Social robots, unlike non-humanoid robots, computers, mobile phones, and other objects people can get emotionally attached to, are understood by some philosophers and scientists as entities that can act autonomously, or at least as self-organising systems with novel emergent properties, and ultimately consciousness. Given the plausibility of this metaphysical outlook, the talk about ‘caring’ social robots not only makes sense, but it also raises questions about the extent to which the perceived threat to humanity posed by robots can be justified. This paper considers the proposal that an emotional bonding between humans and social robots can contribute to the good life and that, moreover, we have reasons to be cautiously positive about the future of humanity given the potentials of the relationships we may build with socially interactive robots. It further considers key challenges to this positive view, including the fact that the human-robot interactions are modelled on the rules of human-human interaction.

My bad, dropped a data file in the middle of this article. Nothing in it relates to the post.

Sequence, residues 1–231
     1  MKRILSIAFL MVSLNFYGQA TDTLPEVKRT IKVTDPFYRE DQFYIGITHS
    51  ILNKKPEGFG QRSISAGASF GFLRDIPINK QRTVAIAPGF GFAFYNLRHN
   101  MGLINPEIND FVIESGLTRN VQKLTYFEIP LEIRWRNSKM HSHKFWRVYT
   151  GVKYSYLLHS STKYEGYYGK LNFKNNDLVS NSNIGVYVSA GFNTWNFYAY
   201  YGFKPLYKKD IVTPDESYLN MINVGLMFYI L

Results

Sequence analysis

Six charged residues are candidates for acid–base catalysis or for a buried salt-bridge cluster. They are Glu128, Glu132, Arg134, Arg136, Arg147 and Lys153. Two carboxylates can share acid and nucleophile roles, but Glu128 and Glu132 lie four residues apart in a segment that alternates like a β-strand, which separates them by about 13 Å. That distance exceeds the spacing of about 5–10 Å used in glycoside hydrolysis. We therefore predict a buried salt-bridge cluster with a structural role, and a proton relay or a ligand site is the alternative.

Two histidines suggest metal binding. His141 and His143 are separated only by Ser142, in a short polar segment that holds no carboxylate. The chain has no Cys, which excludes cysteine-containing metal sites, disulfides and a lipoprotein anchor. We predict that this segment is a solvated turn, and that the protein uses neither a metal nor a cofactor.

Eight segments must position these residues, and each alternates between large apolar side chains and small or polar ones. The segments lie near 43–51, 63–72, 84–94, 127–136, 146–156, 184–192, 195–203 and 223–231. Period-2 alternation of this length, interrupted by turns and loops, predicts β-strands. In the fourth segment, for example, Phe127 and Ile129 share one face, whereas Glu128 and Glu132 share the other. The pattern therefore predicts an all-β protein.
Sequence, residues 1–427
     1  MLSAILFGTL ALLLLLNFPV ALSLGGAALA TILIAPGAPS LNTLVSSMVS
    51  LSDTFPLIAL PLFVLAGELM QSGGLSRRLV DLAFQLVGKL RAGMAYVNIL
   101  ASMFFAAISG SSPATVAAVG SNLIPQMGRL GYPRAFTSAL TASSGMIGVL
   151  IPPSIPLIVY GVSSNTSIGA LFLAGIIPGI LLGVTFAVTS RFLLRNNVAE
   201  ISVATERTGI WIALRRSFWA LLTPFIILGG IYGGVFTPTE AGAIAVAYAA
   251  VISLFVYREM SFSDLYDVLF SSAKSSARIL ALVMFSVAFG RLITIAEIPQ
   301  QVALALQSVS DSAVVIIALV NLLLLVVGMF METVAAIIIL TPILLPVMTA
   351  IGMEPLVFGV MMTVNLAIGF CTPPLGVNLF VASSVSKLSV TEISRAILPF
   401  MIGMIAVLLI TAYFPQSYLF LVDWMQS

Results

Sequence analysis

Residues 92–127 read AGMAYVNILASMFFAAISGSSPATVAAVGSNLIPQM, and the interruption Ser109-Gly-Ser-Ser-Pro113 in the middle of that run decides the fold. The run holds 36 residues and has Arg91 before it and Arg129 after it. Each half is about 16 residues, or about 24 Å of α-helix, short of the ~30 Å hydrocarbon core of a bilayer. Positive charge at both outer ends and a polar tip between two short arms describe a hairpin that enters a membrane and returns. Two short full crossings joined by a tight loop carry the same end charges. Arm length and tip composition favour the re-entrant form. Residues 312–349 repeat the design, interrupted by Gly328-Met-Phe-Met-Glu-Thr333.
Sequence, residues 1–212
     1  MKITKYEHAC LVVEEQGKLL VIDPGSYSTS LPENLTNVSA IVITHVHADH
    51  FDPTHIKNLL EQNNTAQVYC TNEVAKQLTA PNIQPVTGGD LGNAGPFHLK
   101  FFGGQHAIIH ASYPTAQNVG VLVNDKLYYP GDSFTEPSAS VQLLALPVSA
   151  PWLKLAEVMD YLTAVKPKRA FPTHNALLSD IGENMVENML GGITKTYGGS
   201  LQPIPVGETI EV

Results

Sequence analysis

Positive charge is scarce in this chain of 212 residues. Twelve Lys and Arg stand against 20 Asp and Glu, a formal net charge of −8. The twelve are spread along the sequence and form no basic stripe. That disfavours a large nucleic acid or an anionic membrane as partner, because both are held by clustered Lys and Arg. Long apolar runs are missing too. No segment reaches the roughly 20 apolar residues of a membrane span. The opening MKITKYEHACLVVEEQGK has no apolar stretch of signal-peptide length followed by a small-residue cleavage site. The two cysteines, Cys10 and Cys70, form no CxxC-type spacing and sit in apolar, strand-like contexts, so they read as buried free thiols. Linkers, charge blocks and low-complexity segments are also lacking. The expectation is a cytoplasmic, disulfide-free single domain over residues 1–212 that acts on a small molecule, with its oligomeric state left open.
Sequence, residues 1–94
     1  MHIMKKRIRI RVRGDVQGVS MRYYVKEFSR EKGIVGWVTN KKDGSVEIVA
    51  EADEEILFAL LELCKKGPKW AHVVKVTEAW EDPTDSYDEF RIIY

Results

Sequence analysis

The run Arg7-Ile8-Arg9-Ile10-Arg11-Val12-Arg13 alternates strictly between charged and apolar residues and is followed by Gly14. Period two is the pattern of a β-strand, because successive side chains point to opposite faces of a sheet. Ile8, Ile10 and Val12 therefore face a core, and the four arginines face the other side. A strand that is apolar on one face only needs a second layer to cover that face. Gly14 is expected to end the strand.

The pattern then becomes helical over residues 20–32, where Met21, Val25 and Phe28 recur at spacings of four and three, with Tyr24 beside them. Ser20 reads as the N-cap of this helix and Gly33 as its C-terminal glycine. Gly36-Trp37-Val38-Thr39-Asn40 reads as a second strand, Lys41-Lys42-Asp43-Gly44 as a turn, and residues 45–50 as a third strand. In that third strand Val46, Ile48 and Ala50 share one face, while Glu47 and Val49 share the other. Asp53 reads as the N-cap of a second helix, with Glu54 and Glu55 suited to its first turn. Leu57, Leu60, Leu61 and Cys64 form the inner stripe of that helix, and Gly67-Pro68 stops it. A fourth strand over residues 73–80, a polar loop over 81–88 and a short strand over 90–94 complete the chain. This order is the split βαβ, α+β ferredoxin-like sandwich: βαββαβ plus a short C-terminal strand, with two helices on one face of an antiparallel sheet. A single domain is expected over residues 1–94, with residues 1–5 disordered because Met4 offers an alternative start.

This internal talk is for Oxford Uehiro Centre members and associates.
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